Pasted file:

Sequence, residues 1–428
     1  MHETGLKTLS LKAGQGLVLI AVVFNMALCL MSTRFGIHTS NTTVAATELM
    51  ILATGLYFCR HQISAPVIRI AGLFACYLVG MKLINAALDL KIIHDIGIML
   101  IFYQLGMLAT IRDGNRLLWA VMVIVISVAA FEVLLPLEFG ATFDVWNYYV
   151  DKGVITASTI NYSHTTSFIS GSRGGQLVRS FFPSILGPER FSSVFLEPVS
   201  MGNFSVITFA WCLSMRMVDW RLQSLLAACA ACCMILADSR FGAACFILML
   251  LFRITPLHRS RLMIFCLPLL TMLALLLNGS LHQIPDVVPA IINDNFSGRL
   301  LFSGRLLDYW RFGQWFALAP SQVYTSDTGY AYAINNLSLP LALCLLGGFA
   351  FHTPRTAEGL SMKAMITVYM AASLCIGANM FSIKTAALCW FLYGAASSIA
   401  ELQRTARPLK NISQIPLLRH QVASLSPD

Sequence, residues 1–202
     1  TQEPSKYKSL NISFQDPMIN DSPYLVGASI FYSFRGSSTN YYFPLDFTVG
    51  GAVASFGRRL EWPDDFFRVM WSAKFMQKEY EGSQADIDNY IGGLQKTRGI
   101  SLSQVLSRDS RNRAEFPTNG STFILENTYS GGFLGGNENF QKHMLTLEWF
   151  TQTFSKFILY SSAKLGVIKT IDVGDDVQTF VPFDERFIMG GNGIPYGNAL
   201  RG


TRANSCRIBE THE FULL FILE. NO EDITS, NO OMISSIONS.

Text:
Sequence, residues 1–428
     1  MHETGLKTLS LKAGQGLVLI AVVFNMALCL MSTRFGIHTS NTTVAATELM
    51  ILATGLYFCR HQISAPVIRI AGLFACYLVG MKLINAALDL KIIHDIGIML
   101  IFYQLGMLAT IRDGNRLLWA VMVIVISVAA FEVLLPLEFG ATFDVWNYYV
   151  DKGVITASTI NYSHTTSFIS GSRGGQLVRS FFPSILGPER FSSVFLEPVS
   201  MGNFSVITFA WCLSMRMVDW RLQSLLAACA ACCMILADSR FGAACFILML
   251  LFRITPLHRS RLMIFCLPLL TMLALLLNGS LHQIPDVVPA IINDNFSGRL
   301  LFSGRLLDYW RFGQWFALAP SQVYTSDTGY AYAINNLSLP LALCLLGGFA
   351  FHTPRTAEGL SMKAMITVYM AASLCIGANM FSIKTAALCW FLYGAASSIA
   401  ELQRTARPLK NISQIPLLRH QVASLSPD

Sequence, residues 1–202
     1  TQEPSKYKSL NISFQDPMIN DSPYLVGASI FYSFRGSSTN YYFPLDFTVG
    51  GAVASFGRRL EWPDDFFRVM WSAKFMQKEY EGSQADIDNY IGGLQKTRGI
   101  SLSQVLSRDS RNRAEFPTNG STFILENTYS GGFLGGNENF QKHMLTLEWF
   151  TQTFSKFILY SSAKLGVIKT IDVGDDVQTF VPFDERFIMG GNGIPYGNAL
   201  RG